International Convention for the Regulation of Whaling (ICRW Convention) / Washington, 2nd December, 1946
ID 18819 | 26.01.2023 / ICRW Convention in attachment
The International Whaling Commission (IWC) was established in 1946 as the global body responsible for management of whaling and conservation of whales. It is an inter-governmental organisation with a current membership of 88 governments from all over the world.
The legal framework of the IWC is the International Convention for the Regulation of Whaling. This Convention established the Commission and is one of the first pieces of international legislation to include a conservation mandate. All member governments of the IWC are signatories to this Convention.
The Convention recognises three different types of whaling: commercial, aboriginal subsistence and special permit (also known as scientific) whaling. Following considerable debate, a commercial whaling moratorium was adopted in 1982 and came into full force in 1986. The Commission continues to regulate Aboriginal Subsistence Whaling which is conducted by indigenous communities, often in remote parts of the world. Regulation of aboriginal whaling has always been a core responsibility of the Commission and remains so today. It recognises nutritional and cultural needs, and is underpinned by a rigorous scientific process. The Convention contains a separate category of special permit whaling for scientific research purposes. Special permit whaling is not regulated by the Commission but by national governments, although none currently undertake this type of whaling.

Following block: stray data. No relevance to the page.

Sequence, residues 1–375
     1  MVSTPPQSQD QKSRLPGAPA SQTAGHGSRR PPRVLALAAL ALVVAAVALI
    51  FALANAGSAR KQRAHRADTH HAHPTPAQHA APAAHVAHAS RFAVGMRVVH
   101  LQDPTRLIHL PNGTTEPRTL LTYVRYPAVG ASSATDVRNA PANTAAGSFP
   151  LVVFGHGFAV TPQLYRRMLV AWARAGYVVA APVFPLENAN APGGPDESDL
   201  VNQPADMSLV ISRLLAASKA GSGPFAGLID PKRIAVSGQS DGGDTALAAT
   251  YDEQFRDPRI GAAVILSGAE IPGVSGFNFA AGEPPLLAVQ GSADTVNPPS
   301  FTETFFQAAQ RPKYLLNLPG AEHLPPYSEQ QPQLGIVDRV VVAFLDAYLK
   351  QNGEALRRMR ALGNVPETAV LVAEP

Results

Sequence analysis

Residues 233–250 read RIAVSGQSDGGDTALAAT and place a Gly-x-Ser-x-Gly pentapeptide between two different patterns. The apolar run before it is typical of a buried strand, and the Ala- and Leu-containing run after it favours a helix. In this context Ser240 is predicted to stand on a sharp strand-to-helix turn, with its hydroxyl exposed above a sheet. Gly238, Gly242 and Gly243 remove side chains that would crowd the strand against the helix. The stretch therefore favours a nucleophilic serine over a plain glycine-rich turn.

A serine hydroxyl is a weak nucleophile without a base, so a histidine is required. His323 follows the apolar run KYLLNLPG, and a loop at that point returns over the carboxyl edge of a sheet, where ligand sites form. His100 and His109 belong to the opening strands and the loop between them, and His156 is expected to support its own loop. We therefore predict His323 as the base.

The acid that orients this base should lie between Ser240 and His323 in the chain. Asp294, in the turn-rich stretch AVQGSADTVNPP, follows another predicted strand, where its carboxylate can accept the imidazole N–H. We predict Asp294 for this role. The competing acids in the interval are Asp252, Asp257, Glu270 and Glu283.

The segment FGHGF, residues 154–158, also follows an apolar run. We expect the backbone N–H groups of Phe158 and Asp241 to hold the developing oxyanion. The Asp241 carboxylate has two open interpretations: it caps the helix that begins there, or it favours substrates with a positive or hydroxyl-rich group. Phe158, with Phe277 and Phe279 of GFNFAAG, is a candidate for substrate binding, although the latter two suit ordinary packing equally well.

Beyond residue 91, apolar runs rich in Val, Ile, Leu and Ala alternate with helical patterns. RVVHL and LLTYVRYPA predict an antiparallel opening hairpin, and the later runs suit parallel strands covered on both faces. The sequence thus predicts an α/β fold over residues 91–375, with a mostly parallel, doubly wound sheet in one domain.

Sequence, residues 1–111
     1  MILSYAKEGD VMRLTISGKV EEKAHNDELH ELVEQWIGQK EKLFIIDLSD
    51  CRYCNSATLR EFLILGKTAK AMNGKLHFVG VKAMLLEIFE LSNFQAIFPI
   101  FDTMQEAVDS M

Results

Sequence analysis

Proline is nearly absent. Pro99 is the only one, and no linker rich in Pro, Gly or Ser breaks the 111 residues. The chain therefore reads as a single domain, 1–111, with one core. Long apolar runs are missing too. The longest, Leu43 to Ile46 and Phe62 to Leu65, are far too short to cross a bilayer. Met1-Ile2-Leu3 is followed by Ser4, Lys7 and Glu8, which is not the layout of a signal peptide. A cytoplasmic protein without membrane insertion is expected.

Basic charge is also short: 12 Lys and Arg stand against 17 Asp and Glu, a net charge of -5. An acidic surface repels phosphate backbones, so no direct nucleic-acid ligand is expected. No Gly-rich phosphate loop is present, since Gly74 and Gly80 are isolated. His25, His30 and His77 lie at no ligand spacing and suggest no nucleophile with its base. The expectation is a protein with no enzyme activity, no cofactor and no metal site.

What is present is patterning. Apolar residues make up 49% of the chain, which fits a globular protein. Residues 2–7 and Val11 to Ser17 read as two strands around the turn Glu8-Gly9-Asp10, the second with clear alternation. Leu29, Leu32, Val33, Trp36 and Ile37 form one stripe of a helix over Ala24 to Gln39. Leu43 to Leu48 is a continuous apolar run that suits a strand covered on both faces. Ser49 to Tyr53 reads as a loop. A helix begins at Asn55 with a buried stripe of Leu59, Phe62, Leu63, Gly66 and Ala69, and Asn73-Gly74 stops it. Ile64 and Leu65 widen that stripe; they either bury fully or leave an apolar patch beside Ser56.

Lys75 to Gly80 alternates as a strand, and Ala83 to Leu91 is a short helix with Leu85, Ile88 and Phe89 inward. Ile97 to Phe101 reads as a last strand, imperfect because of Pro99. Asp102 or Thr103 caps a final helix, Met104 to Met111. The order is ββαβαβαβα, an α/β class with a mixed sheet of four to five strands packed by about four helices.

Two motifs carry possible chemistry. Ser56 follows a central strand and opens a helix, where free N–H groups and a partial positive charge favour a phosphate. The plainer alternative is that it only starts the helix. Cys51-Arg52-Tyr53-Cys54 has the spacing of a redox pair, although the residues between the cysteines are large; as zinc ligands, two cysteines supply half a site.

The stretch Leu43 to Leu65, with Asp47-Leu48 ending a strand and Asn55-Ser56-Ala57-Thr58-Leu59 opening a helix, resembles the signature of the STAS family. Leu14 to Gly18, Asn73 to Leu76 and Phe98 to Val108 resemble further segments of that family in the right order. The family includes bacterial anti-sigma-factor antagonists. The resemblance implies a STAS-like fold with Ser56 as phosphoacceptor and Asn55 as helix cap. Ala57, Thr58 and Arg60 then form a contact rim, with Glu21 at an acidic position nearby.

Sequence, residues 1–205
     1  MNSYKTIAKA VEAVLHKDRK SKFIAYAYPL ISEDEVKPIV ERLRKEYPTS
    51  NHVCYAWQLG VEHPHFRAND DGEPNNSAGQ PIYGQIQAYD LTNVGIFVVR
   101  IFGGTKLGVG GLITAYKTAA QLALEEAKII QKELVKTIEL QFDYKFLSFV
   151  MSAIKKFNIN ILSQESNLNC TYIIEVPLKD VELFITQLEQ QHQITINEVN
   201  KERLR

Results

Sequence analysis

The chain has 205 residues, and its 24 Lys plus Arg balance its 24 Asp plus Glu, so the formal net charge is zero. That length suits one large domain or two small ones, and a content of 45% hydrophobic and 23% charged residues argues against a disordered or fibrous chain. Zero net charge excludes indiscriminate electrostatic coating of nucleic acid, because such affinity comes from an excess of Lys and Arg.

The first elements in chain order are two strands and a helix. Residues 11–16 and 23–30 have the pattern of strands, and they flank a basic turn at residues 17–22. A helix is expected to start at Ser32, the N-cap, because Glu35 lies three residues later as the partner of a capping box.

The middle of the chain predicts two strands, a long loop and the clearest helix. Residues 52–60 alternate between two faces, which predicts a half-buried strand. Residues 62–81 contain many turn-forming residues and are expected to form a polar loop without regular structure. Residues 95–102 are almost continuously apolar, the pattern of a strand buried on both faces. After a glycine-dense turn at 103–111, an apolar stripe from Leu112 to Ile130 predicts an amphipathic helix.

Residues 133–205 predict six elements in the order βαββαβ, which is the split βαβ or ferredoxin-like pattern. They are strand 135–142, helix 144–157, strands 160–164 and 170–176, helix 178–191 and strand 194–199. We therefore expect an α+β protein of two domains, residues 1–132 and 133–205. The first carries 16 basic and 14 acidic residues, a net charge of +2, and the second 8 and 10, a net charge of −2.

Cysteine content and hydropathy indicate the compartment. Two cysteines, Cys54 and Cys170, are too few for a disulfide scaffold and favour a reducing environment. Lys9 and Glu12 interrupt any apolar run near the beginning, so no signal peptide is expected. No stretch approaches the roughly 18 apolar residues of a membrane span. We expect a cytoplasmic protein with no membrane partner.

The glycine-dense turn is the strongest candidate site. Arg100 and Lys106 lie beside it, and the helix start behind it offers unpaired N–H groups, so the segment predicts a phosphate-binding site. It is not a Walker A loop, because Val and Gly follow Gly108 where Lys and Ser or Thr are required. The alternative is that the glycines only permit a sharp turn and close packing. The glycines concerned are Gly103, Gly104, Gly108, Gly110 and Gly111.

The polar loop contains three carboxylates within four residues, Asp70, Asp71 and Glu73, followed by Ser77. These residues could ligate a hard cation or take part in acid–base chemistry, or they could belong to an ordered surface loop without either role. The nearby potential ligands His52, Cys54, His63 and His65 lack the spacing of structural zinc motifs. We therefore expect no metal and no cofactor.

The second half of the Commission's mandate is to conserve whales. This work has evolved in response to the changing and growing threats to cetaceans and other marine species. Today, the Commission is engaged in a wide range of programmes to understand and address threats including bycatch and entanglement, ship strikes, ocean noise, debris and pollution, disease and climate change. The Commission also holds international training workshops on safe and effective responses to entanglement and stranding.
The Commission’s work is divided into five main areas : Science, Conservation, Aboriginal Subsistence Whaling, Whale Killing & Welfare Issues, Infractions and Finance & Administration Committee. The Scientific Committee is the oldest of these and in many ways, the foundation of the Commission. This Committee comprises approximately 200 of the world’s leading cetaceans scientists who report to the Commission each year and provide a scientific basis for IWC policy-making.